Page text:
In accordance with another aspect of the invention, the amplitude of the pulses transmitted into a patient can be increased if their frequency is decreased. Therefore, the invention can be used to undersample a region of tissue defined by a range gate with higher amplitude transmit pulses that are transmitted at a lower frequency. The echo signals created in response to the transmitted pulses are analyzed in the time domain to calculate the Doppler shift of scatterers within an area of tissue defined by a range gate. The echo signals are then interpolated to a user requested PRF and from the Doppler shift calculated, the correct spectra created by frequency domain processing of the interpolated echo signals can be calculated.

BRIEF DESCRIPTION OF THE DRAWINGS

FIG. 1 illustrates how a conventional pulse Doppler ultrasound operates;

FIGS. 2A-2B illustrate the series of steps performed by one embodiment of the present invention to produce Doppler data from undersampled echo signals; and

FIGS. 3A and 3B illustrate two additional techniques for generating separate echo signals used in a frequency domain analysis and a time domain analysis in accordance with the present invention.

DETAILED DESCRIPTION OF THE PREFERRED EMBODIMENT

The present invention is a method for producing Doppler echo data at a high pulse repetition frequency (PRF) using undersampled echo signals received from a location in the patient's body.

FIG. 1 illustrates a conventional method of using pulsed Doppler to analyze moving blood flow at a desired location in a patient's body. A transducer 10 transmits a series of transmit pulses 12, 14 . . . that are focused within an area of tissue defined by a range gate 16. A user positions the range gate 16 along a beam line 18 in order to select the area in the body in which the user wishes to analyze the speed and direction of moving blood flow.

The rate at which the transmit pulses 12, 14 . . . are transmitted is referred to as the pulse repetition frequency (PRF). Each transmit pulse is separated by a time period τ. For each transmit pulse delivered to the patient, an echo signal is received. For example, an echo signal 20 is received in response to the Doppler pulse 12 and an echo signal 22 is received in response to the Doppler pulse 14. The echo signals 20, 22 are received by the transducer, which converts them to corresponding electronic signals that are then digitized, demodulated, filtered and applied to a beamformer that focuses the received echo signals and produces a digital signal that is representative of the size and movement of the scatterers (i.e., blood cells) in the area of tissue defined by the range gate 16.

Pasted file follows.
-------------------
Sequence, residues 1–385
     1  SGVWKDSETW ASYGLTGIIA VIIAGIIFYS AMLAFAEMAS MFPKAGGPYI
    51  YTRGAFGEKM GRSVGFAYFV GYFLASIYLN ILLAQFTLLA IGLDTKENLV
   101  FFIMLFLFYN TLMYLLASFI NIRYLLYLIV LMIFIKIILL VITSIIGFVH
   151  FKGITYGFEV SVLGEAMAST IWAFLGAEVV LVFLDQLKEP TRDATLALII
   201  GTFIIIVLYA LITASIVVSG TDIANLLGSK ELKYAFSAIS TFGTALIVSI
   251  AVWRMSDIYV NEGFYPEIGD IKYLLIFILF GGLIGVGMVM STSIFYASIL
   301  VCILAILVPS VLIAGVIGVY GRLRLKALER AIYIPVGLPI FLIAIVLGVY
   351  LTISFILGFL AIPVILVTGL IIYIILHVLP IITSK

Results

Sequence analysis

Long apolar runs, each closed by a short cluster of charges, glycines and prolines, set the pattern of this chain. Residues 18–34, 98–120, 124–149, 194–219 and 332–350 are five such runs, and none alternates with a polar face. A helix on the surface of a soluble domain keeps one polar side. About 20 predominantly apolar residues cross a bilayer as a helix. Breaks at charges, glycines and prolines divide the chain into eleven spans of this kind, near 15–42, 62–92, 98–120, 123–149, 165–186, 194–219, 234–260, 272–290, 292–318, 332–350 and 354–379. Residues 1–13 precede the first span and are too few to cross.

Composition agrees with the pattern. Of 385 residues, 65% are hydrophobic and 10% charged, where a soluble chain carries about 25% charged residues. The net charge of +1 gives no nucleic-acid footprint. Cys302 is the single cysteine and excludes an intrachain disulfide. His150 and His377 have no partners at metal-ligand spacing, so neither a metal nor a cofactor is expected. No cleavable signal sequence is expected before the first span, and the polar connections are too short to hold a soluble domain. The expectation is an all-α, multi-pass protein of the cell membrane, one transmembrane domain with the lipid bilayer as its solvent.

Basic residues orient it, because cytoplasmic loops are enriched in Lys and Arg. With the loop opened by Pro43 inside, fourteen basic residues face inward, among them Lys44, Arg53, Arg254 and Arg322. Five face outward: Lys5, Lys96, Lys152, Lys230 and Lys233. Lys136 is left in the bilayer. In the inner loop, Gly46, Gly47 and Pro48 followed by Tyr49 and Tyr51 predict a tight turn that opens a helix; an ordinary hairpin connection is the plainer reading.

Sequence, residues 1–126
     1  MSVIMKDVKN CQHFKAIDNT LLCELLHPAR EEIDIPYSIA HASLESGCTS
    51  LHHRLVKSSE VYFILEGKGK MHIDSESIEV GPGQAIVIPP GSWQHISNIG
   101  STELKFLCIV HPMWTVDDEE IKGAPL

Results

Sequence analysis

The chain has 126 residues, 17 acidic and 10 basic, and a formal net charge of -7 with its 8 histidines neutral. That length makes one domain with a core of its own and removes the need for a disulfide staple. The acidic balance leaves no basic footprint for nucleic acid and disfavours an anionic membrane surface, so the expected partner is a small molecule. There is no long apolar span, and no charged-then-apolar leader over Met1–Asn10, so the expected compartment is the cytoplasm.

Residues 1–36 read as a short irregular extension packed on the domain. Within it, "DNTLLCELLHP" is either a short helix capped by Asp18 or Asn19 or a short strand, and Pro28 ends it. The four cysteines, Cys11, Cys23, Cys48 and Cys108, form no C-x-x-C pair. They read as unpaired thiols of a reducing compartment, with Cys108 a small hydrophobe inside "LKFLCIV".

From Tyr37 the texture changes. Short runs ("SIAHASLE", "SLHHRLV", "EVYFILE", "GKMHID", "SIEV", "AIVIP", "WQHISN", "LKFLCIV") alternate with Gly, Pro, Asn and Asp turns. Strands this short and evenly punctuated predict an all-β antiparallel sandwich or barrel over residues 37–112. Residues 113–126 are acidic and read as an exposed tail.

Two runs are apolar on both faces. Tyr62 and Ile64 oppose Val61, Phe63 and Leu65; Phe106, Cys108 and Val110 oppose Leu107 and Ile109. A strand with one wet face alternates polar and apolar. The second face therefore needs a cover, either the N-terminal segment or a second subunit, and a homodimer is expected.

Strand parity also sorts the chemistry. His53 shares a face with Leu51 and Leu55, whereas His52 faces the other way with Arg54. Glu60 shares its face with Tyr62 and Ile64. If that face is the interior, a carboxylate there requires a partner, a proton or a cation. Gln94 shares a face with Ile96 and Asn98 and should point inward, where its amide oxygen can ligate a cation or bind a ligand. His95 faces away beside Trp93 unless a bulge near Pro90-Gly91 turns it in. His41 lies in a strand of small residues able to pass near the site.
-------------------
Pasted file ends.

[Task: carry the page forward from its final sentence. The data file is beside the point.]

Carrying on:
As indicated above, when the requested PRF of the ultrasound system is too high, the speed at which the transmit pulses 12, 14 and corresponding echo signals 20, 22 can travel in the body limits the depth at which the range gate can be placed. When the requested PRF is too high, the pulse 12 does not have time to travel from the transducer to the range gate and create an echo which is received at the transducer before the next transmit pulse 14 is transmitted.

Another limiting factor in pulse Doppler imaging is the level of ultrasonic energy that can be applied to the patient per unit time. As the PRF increases, the amplitude of each transmit pulse delivered to the patient is decreased in order to limit the total amount of ultrasonic energy delivered. However, reducing the amplitude of the transmit pulses 12, 14 reduces the signal-to-noise ratio of the corresponding echo signals created, thereby making it more difficult to distinguish moving blood flow from background noise or other tissue structure.

FIGS. 2A and 2B illustrate the steps performed by a currently preferred embodiment of the present invention to overcome the problems associated with the conventional method of performing pulsed Doppler ultrasound. To obtain ultrasound echo signals at a desired PRF from locations in the body that are deeper than the distance a pulse can travel between successive pulses, a Doppler pulse is transmitted into the patient at a step 50. At a step 52, an echo signal from an area of tissue defined by the rate gate is created in response to the Doppler pulse and is received and digitized. At a step 54, traditional echo processing is performed on the received echo signal including demodulation, filtering and beamforming to produce a digital echo signal having a magnitude and frequency components which are proportional to the size and velocity of the scatterers in the range gate.